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Friday, Dec 13, 2019

Citizenship Amendment Bill, likely in Parliament next week, has a new cutoff date

Several northeastern states have flagged their concerns about provisions of the bill, suggesting that it was detrimental to the interests of the indigenous population.

india Updated: Dec 01, 2019 12:17 IST
HT Correspondents
HT Correspondents
Hindustan Times, New Delhi
Home Minister Amit Shah during a meeting with various northeastern leaders on Citizenship Amendment Bill (CAB), in New Delhi, Saturday, Nov. 30, 2019.
Home Minister Amit Shah during a meeting with various northeastern leaders on Citizenship Amendment Bill (CAB), in New Delhi, Saturday, Nov. 30, 2019. (PTI FILE)
         

Home minister Amit Shah met chief ministers and other prominent leaders of three northeastern states on Saturday to discuss the proposed Citizenship (Amendment) Bill, aimed at fast-tracking the grant of Indian citizenship to members of religious minorities from Muslim-majority Afghanistan, Bangladesh and Pakistan.

Several northeastern states have flagged their concerns about provisions of the bill, suggesting that it was detrimental to the interests of the indigenous population. For instance, in Assam, the proposed amendment has raised concerns that it would nullify the 1985 Assam Accord, which fixed March 24, 1971, as the cut-off date for deportation of all illegal immigrants irrespective of religion.

Similarly, there has been opposition in Mizoram because the amendment would make Buddhist Chakma refugees Indian citizens. Protests have taken place in Tripura and even Arunachal Pradesh against the proposed bill.

“The consultation with the home minister will help allay fears about the bill,” Assam chief minister Sarbananda Sonowal said.

The previous Lok Sabha passed this bill, but it wasn’t introduced in the Rajya Sabha and lapsed with the tenure of the lower house. The government plans to introduce a similar bill in the current session.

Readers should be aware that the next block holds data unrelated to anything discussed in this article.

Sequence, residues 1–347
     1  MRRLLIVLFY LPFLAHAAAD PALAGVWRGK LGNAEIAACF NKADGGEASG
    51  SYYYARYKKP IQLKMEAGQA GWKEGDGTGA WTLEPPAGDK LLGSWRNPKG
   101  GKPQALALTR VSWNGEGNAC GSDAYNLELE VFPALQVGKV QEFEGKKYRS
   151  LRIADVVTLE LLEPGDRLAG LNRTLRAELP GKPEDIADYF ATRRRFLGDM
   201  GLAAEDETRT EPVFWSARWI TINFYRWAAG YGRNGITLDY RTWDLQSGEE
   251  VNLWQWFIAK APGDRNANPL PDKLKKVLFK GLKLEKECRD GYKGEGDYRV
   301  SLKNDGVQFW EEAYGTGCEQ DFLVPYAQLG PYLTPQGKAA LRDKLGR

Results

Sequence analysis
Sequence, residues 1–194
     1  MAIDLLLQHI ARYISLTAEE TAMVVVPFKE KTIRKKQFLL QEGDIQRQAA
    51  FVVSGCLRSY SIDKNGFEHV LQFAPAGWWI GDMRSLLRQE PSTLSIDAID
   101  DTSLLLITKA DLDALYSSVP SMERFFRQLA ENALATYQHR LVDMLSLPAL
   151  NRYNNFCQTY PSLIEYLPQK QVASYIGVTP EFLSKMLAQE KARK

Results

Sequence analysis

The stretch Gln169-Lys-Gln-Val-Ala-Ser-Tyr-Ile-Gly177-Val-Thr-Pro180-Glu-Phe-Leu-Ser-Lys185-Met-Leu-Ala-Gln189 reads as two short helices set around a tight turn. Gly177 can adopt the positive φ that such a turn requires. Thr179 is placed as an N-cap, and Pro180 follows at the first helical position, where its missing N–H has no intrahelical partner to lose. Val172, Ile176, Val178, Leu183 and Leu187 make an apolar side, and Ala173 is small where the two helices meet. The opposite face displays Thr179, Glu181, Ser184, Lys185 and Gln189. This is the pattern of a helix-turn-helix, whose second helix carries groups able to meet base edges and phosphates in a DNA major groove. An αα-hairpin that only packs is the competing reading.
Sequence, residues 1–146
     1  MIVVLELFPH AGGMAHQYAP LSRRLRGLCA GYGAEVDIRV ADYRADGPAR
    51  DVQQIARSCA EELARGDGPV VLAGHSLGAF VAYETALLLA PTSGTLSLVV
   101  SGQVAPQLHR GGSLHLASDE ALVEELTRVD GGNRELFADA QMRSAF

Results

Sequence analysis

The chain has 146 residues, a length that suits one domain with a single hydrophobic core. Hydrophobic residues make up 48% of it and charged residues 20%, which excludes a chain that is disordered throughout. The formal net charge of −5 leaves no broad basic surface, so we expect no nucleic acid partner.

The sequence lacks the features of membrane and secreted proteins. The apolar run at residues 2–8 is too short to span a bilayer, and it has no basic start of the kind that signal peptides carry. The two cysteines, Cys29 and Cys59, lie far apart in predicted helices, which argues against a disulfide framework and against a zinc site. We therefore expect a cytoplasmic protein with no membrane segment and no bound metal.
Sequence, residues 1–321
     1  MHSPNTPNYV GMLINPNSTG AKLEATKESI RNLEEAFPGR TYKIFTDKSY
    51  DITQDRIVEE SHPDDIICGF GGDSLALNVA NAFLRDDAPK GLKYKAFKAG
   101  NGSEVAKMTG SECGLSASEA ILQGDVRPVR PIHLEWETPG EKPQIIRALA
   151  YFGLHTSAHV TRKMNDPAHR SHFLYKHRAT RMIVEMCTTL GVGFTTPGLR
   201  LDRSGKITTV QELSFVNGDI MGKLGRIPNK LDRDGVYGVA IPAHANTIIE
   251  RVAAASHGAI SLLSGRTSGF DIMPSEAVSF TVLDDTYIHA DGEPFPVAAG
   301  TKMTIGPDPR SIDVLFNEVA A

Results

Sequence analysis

Assam minister Himanta Biswa Sarma said that even though most civil society groups had opposed the earlier draft of the bill, the redrafted bill will ensure that the interests of the Inner Line Permit-regime areas and the Sixth Schedule areas are protected.

The ILP regime is applicable in Arunachal Pradesh, Nagaland and Mizoram under the Bengal Eastern Frontier Regulation, 1873. In terms of Section 2 of the Bengal Eastern Frontier Regulations, 1873, citizens of other states require an ILP to visit these three states. The main objective of the ILP system is to prevent settlement of other Indian nationals in the three states in order to protect the indigenous population.

Under the Sixth Schedule of the Constitution, autonomous councils and districts were created in certain tribal areas in Assam, Meghalaya and Tripura. The autonomous councils and districts enjoy certain executive and legislative powers.

Sarma also said a separate legislation may be brought on the recommendations of a committee set up by the home ministry to look into the options of providing constitutional safeguards to the indigenous people of Assam.

“Shah assured the participants that the interest of the tribal population will be protected and certain areas may be exempted from the ambit of the bill,” a person present in the meeting said on condition of anonymity.

Shah also held separate meetings with Arunachal Pradesh chief minister Pema Khandu and Meghalaya CM Conrad Sangma. Union minister Kiren Rijiju and several MPs attended the meetings separately. Shah met leaders from Tripura and Mizoram on Friday and will hold the last round of consultations on December 3.

“It is a positive move as government has reached out to all concerned ... but there are more measures needed to protect the indigenous people of the north east,” Conrad Sangma said.

Former Arunachal Pradesh chief minister Nabam Tuki said the state opposed the 2016 bill but if the new bill excludes the ILP-regime states, it can be considered. President of the All Bodo Students Union Pramod Boro said the union had told the home minister that it opposed the CAB as it does not provide any safeguard to the tribal areas. “We want constitutional safeguards to the indigenous people,” he said.

Former Meghalaya chief minister Mukul Sangma said the bill will lead to a drastic change in the demography of the Northeast region and “foreigners” staying across India will move to the North-East to settle.

Only those who came to the country by December 31, 2014 will be eligible to apply for Indian citizenship. This means that keeping the concerns of various groups, automatic citizenship to those who came in from neighbouring countries will not be guaranteed.

One participant at the talks told HT that all applicants will be given six months to a year to submit their applications. “This will also ensure that each state will know how many people were applying to become citizens of their state,” the person said on condition of anonymity.

The home minister, who symbolically held the talks in Assam Bhawan over two days, instead of North Block, assured various groups that he will resolve issues like Clause 6 of the Assam accord that had set 1971 as the cut-off and promised to “preserve and promote the cultural, social, linguistic identity and heritage of the Assamese people.”